A recent study showed that sarsaparilla had anticancer properties in cell lines of multiple types of cancers and in mice. Preclinical studies in breast cancer tumors and liver cancer have also shown the antitumor properties of sarsaparilla. More research is needed to find out if sarsaparilla can be used in cancer prevention and treatment.
5. Protecting the liver
Sarsaparilla has also shown protective effects on the liver. Research conducted in rats with liver damage found that compounds rich in flavonoids from sarsaparilla was able to reverse damage to the liver and help it function at its best.
6. Improving the bioavailability of other supplements
Sarsaparilla is used in herbal mixes to act as a “synergist.” In other words, it’s thought that the saponins found in sarsaparilla increase the bioavailability and absorption of other herbs.
There are no known side effects of using sarsaparilla. However, taking a large amount of saponins may cause stomach irritation. Be aware that the United States Food and Drug Administration (FDA) doesn’t regulate herbs and supplements and they aren’t subjected to rigorous safety and efficacy testing prior to marketing.
Sarsaparilla may interact with certain medications. It can increase the ability of your body to absorb other drugs. Call your doctor right away if you experience any side effects while taking sarsaparilla.
Sarsaparilla is generally considered safe. The biggest risk to you is fraudulent marketing and misinformation.
Sarsaparilla has been falsely marketed by supplement makers to contain anabolic steroids like testosterone. While the plant steroids found that the sarsaparilla plant can be chemically synthesized into these steroids in the laboratory, this hasn’t ever been documented to happen in the human body. Many bodybuilding supplements contain sarsaparilla, but the root has never been proven to have any anabolic effects.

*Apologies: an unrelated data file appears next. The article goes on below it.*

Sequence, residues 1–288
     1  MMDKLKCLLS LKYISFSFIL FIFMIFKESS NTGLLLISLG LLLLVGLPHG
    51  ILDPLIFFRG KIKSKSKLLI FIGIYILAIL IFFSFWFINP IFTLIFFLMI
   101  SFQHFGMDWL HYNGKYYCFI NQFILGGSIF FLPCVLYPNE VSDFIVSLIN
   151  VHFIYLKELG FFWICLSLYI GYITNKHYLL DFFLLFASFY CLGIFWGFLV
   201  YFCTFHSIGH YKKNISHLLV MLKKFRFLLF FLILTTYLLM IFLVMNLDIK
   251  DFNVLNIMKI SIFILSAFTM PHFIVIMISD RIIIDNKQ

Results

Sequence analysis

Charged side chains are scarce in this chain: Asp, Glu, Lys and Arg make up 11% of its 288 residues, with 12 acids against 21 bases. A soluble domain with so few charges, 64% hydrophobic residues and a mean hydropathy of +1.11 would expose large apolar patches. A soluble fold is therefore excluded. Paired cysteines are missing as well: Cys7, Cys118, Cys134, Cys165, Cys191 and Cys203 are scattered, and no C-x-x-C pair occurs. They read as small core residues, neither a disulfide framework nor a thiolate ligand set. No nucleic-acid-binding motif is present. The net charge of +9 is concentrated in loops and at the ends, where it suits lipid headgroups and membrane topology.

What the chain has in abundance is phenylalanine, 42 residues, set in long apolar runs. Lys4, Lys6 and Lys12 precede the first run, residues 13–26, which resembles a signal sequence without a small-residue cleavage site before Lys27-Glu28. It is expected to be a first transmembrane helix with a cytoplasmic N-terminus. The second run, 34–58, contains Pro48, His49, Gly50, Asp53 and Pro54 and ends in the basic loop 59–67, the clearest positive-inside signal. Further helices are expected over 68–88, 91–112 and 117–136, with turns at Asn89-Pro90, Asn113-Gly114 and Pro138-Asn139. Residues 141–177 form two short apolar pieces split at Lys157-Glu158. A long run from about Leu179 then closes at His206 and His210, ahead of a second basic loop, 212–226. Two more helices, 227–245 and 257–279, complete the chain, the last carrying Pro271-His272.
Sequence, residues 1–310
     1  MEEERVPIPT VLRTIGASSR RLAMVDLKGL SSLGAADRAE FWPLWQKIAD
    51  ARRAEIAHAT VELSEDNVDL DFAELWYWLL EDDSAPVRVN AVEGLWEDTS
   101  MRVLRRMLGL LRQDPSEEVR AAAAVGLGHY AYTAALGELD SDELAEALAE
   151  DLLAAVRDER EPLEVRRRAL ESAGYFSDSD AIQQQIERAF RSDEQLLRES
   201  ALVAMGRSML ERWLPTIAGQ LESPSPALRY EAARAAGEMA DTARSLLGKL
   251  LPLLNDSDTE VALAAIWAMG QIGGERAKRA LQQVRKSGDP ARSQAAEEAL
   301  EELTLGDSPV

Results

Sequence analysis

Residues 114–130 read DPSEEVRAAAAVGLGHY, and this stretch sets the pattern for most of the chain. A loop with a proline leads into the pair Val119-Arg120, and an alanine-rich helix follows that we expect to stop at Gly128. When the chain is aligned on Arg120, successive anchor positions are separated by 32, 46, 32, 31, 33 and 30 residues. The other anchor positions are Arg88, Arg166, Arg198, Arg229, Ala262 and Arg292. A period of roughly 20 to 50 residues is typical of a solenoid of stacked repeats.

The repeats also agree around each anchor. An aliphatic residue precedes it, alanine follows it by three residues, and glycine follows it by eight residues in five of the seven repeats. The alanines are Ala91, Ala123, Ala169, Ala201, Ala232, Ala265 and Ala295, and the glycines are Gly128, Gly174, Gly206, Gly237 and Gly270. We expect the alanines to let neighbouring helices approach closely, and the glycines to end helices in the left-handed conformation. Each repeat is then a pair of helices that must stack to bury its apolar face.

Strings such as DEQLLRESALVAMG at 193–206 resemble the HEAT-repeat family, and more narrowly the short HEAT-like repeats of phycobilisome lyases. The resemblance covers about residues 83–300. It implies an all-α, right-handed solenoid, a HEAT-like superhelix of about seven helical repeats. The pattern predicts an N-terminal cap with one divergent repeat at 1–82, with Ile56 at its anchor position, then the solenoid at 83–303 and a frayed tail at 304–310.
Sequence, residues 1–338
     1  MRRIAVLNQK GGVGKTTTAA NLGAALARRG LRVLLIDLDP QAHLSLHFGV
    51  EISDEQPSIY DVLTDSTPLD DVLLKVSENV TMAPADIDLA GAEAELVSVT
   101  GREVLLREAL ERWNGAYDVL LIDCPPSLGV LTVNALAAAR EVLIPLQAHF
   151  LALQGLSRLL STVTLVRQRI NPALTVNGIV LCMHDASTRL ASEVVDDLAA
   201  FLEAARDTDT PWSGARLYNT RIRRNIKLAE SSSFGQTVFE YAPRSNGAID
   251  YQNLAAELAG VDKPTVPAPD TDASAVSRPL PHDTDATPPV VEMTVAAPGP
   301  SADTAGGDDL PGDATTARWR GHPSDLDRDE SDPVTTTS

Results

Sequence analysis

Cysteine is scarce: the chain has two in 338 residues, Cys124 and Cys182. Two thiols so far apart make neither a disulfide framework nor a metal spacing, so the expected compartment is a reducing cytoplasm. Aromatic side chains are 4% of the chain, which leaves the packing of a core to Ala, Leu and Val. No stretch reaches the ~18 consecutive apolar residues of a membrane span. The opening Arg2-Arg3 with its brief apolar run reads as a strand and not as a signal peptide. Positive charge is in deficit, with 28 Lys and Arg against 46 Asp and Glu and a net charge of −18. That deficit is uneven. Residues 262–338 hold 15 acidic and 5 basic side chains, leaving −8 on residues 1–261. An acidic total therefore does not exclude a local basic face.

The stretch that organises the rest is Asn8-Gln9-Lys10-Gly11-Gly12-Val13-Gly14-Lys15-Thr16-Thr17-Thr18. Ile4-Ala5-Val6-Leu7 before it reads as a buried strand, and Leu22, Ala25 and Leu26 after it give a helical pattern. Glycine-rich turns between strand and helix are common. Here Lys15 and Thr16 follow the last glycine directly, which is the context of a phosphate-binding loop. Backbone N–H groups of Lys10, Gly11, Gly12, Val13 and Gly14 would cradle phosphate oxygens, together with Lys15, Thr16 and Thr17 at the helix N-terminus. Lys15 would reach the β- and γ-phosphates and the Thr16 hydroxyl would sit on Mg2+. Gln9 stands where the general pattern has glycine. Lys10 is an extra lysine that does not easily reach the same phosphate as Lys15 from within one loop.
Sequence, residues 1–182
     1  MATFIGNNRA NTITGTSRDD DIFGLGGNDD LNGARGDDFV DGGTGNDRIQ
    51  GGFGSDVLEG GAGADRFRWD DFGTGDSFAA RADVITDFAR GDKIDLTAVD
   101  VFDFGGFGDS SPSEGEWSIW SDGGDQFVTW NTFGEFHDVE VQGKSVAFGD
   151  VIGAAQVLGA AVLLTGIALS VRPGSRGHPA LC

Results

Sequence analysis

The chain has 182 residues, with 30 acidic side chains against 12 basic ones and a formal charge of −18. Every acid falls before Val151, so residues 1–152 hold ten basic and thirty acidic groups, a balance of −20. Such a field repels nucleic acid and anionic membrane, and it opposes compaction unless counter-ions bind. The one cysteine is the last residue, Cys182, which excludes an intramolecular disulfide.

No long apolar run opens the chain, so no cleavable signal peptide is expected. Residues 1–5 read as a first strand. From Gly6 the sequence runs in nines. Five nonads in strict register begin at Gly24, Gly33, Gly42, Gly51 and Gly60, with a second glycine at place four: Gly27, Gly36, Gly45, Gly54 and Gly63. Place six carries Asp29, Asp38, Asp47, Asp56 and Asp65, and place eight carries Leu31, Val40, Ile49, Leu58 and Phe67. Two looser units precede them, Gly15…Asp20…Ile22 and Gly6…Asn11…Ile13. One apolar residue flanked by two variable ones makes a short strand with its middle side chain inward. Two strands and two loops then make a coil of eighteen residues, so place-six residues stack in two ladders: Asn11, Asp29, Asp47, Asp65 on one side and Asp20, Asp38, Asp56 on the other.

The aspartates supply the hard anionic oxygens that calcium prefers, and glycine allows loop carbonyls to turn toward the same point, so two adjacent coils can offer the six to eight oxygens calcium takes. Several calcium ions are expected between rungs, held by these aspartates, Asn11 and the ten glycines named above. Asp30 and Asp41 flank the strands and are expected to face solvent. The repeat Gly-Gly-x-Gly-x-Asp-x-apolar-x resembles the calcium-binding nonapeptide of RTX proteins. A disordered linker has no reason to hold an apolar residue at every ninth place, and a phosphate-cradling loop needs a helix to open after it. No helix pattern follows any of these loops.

Don’t confuse sarsaparilla with Indian sarsaparilla, Hemidesmus indicus. The Indian sarsaparilla is sometimes used in sarsaparilla preparations but doesn’t have the same active chemicals of the sarsaparilla in the Smilax genus.
There haven’t been any studies done to show that sarsaparilla is safe for pregnant or breast-feeding mothers. You should stay on the safe side and avoid medicinal plants like sarsaparilla unless directed by a doctor.
Sarsaparilla is available in health food stores and online. It can be found in tablets, teas, capsules, tinctures, and powders. Some examples from Amazon are:
The beneficial phytochemicals in the root of the sarsaparilla plant have been shown to have anticancer, anti-inflammatory, antimicrobial, and skin and joint healing effects. Sarsaparilla is considered safe for most people, but be wary of false claims. The herb hasn’t been proven to successfully cure cancer or other diseases, and there’s no evidence that it contains anabolic steroids often sought by bodybuilders.
If you wish to take sarsaparilla for a medical condition, you should speak to a doctor before you start. Though sarsaparilla has been shown to help with certain medical problems, it may not be the most effective treatment for your particular condition. Even if you think sarsaparilla will help, your doctor may recommend that you only use sarsaparilla in conjunction with modern medical treatments, or not at all.